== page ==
Fluid-Attenuated Inversion Recovery (FLAIR) Signal Intensity Can Identify Stroke Within 6 and 8 Hours

John Legge, Ada Graham, Shailesh Male, David Copeland, Richard Lee, Nitin Goyal, Ramin Zand

Research output: Contribution to journalArticlepeer-review

8 Scopus citations


Background Patients with wake-up or unknown time of onset stroke are usually excluded from recanalization. However, a few studies indicate that some magnetic resonance sequences can help predict time from symptom onset (SxO). Our goal was to assess the value of fluid-attenuated inversion recovery (FLAIR) signal intensity ratio (SIR) in identifying patients within 6 and 8 hours of stroke onset. Materials and Methods We studied consecutive acute stroke patients with known time of onset who underwent magnetic resonance imaging (MRI) within 48 hours of SxO. SIR was calculated as the value of the FLAIR signal intensity of the identified area of infarction divided by the signal intensity in the homologous contralateral side of the brain. Results Out of 160 patients included in this study, 72 and 80 patients had MRI within 6 and 8 hours of SxO, respectively. We found a positive correlation between SIR and time from SxO (Pearson coefficient,.63). Receiver operating characteristic curves indicated that SIR ≤ 1.18 could accurately identify patients within 6 hours of SxO (86% sensitivity, 79% specificity) and a SIR ≤ 1.20 can be identified within 8 hours (89% sensitivity, 76% specificity). Among patients with no visible FLAIR hyperintensity, 83% (95% CI, 77%-89%) were within the 6-hour window. Conclusion Quantitative assessment of FLAIR sequence can be used to identify patients within 6 and 8 hours of stroke onset.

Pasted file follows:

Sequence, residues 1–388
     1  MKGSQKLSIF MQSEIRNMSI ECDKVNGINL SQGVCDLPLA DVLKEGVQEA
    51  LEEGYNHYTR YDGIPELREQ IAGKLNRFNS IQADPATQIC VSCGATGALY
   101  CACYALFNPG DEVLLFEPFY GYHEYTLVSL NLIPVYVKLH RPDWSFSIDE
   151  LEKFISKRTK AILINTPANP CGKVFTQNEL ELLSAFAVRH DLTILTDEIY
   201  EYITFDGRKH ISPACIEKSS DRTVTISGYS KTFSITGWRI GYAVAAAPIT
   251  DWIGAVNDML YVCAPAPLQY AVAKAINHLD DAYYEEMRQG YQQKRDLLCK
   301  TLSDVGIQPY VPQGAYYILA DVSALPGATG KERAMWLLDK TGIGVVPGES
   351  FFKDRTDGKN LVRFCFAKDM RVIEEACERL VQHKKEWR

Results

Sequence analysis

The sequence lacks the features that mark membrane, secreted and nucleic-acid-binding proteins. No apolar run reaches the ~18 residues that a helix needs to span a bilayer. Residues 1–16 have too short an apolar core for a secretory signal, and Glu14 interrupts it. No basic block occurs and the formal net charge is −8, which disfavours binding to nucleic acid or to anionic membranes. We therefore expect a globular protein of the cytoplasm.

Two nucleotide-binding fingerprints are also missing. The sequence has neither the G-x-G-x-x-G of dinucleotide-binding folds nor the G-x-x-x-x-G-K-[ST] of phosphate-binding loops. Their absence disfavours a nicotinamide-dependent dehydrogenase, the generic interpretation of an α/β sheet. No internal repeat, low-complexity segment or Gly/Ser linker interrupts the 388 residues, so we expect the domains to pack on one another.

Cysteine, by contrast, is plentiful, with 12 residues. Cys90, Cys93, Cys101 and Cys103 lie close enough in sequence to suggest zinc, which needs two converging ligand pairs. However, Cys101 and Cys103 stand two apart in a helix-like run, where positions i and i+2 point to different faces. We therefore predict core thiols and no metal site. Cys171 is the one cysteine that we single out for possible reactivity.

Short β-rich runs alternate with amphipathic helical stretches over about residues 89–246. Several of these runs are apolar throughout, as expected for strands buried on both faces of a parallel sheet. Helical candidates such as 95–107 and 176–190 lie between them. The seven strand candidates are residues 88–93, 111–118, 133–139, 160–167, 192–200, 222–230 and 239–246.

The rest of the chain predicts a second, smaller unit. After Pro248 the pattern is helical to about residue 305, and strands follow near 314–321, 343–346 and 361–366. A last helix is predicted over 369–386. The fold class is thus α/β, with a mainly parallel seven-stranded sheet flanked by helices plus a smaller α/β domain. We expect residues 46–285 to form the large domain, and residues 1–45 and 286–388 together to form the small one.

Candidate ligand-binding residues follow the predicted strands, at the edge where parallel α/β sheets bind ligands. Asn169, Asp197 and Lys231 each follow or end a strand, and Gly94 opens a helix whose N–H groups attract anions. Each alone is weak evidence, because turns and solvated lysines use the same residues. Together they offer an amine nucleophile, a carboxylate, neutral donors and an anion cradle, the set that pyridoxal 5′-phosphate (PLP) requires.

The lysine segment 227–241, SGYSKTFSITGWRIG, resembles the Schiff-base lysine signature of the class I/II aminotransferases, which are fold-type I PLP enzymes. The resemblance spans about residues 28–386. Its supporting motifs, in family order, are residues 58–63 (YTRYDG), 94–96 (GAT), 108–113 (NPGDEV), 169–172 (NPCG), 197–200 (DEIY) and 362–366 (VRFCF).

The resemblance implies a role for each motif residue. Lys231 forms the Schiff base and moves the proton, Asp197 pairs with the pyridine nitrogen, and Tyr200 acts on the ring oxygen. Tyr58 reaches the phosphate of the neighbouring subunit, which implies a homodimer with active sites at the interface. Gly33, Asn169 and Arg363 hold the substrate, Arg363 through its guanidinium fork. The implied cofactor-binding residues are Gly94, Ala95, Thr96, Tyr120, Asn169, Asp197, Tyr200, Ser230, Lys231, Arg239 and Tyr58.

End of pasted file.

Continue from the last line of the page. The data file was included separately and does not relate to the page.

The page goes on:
Original languageEnglish (US)
Pages (from-to)1582-1587
Number of pages6
JournalJournal of Stroke and Cerebrovascular Diseases
Issue number7
StatePublished - Jul 2017

Bibliographical note

Publisher Copyright:
© 2017 National Stroke Association


  • Brain imaging
  • DWI
  • MRI
  • acute stroke
  • ischemic stroke
  • stroke onset
  • thrombectomy
  • thrombolysis


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